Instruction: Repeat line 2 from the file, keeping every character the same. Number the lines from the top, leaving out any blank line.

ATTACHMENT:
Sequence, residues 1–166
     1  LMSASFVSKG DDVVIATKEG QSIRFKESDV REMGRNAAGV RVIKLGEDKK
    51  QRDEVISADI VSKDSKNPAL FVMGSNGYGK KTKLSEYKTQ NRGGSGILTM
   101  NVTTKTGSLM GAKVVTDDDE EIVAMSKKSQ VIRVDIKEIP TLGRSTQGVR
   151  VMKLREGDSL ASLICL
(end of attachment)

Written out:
     1  LMSASFVSKG DDVVIATKEG QSIRFKESDV REMGRNAAGV RVIKLGEDKK